By Nancy Thorner –
Common Core is a failed system both legally and academically. See here for “Common Core State Standards for Illinois.” The System grew out of “No Child Left Behind”, established during the administration of President George W. Bush.
In 2010 forty-three states, finding it difficult to meet the onerous requirements of NCLB, were receptive to the Obama administration’s bribe-like waivers which granted exemptions from the NCLB requirements, but with this condition. The states had to agree to adopt standards (sight unseen and in exchange for the waivers) that were “common to a significant number of states.” Guess what? The only standards that satisfied this commonality requirement were the Common Core standards.
Legally, the U.S. Department of Education violated several federal laws by imposing curriculum nationally. Under the Tenth Amendment to the U.S. Constitution there is no lawful role for the federal government in education. Accordingly: “The powers not delegated to the United States by the Constitution, nor prohibited by it to the States, are reserved to the States respectively, or to the people.”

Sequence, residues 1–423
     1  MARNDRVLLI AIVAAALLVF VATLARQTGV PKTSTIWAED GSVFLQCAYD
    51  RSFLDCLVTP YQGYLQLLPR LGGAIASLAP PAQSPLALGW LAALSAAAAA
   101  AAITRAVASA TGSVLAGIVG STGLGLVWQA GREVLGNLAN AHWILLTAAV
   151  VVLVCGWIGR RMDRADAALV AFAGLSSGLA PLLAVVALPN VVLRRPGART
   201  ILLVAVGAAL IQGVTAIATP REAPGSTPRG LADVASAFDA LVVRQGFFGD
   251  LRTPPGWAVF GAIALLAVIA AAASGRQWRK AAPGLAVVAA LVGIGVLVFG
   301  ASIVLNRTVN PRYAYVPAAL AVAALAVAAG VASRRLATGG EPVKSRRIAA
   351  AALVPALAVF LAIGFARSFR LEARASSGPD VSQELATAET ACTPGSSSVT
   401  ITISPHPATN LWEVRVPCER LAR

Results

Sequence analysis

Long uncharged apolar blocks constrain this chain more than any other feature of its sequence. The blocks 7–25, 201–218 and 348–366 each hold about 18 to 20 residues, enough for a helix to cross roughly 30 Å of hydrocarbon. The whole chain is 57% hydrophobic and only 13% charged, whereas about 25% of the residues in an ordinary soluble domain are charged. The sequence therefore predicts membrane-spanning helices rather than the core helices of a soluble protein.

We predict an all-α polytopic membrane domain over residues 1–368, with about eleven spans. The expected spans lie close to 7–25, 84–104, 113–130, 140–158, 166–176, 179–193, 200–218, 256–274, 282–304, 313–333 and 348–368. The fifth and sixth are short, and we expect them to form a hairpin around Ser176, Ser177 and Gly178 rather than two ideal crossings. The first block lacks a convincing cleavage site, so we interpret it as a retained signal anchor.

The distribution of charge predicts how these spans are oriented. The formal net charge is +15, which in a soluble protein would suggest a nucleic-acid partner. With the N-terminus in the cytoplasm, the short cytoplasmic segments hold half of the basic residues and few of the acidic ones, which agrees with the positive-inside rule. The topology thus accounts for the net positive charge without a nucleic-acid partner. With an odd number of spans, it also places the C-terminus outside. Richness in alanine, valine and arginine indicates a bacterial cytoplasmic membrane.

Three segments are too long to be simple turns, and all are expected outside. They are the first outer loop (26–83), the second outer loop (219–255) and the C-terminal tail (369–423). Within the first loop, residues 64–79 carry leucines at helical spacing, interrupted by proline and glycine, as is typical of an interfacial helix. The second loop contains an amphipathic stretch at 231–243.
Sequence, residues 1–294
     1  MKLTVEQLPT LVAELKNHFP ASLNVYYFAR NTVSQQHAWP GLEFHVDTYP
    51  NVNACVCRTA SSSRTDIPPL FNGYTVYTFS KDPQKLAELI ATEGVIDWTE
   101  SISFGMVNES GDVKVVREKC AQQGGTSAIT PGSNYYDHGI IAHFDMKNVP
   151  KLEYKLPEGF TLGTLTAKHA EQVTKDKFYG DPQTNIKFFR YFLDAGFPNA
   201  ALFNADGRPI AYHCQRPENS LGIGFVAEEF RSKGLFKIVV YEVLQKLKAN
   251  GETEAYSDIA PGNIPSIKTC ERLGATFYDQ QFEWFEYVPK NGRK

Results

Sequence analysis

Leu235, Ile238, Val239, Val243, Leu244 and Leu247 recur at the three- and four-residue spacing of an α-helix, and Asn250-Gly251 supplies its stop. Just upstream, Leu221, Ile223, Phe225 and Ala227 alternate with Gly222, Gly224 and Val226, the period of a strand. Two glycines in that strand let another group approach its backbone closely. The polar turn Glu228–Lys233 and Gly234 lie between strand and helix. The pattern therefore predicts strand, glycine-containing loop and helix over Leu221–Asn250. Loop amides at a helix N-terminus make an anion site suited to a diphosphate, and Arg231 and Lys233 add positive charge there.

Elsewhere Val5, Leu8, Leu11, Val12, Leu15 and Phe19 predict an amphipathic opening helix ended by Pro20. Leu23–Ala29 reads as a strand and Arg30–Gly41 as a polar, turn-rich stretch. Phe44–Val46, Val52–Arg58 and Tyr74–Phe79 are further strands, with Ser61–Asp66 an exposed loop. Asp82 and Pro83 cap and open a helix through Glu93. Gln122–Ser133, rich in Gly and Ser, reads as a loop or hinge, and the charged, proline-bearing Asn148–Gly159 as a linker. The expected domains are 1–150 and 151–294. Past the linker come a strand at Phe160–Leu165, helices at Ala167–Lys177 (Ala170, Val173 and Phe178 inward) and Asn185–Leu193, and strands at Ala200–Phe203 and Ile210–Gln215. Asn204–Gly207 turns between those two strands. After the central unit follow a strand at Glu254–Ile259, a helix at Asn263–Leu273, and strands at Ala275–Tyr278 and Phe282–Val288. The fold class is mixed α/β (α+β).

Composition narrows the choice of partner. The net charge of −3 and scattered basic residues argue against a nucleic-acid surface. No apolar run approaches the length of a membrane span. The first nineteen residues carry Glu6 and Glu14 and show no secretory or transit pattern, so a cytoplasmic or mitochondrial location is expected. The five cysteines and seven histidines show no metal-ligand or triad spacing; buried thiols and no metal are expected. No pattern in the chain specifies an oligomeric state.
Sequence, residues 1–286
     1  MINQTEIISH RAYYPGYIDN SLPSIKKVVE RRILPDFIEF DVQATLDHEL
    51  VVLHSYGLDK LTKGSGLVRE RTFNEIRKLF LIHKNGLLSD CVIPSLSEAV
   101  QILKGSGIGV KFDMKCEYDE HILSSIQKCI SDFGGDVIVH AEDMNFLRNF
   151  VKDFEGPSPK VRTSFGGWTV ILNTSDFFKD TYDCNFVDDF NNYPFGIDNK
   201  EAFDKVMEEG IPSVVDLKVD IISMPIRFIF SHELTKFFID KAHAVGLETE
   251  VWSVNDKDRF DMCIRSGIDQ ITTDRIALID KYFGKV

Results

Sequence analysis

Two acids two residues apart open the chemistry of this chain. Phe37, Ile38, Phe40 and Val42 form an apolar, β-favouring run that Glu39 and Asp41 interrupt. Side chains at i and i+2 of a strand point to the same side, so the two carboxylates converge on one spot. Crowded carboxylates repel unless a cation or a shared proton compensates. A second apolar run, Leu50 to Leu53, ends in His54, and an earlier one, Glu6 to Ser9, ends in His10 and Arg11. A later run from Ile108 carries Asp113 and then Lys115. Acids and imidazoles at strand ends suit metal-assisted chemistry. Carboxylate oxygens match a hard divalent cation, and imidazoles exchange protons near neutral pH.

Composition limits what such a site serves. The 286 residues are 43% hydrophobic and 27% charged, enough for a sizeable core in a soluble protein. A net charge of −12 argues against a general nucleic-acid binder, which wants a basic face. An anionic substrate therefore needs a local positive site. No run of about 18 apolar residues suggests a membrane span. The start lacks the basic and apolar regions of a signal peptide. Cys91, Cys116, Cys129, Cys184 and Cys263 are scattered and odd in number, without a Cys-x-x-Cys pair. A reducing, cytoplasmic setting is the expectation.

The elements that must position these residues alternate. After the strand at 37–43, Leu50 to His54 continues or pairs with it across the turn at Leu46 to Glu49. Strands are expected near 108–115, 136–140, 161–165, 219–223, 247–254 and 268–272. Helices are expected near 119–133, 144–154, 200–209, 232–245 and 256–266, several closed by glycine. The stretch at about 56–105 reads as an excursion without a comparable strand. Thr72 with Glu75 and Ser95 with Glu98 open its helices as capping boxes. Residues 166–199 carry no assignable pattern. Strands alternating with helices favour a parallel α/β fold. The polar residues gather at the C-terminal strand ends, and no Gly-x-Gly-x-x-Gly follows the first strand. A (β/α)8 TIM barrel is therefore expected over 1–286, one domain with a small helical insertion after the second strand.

While there is push back against Common Core in many states, Arizona is the latest state to do so. Ignoring pleas from business leader, the Senate Education Committee voted 6-3 along party lines on Thursday, Feb. 19, to bar Arizona from implementing the Common Core standards the state adopted four years ago. Arizona State Senator Al Melvin, R-Tucson, who championed Common Core four years ago, suggested that the concept was initially good for instituting recognized nationalized standards, but that the program had been hijacked by the federal government in Washington, D.C.
Not unlike parents in many states, Arizona legislators complained of Common Core smelling a little like coercion by the federal government with its promise of funds. There is also the single approach to education that parents find a bit scary. One size does not fit all! Mention was also made of some Common Core reading material that is borderline pornographic and of fuzzy math where stacking of numbers is no longer done in adding and subtracting numbers.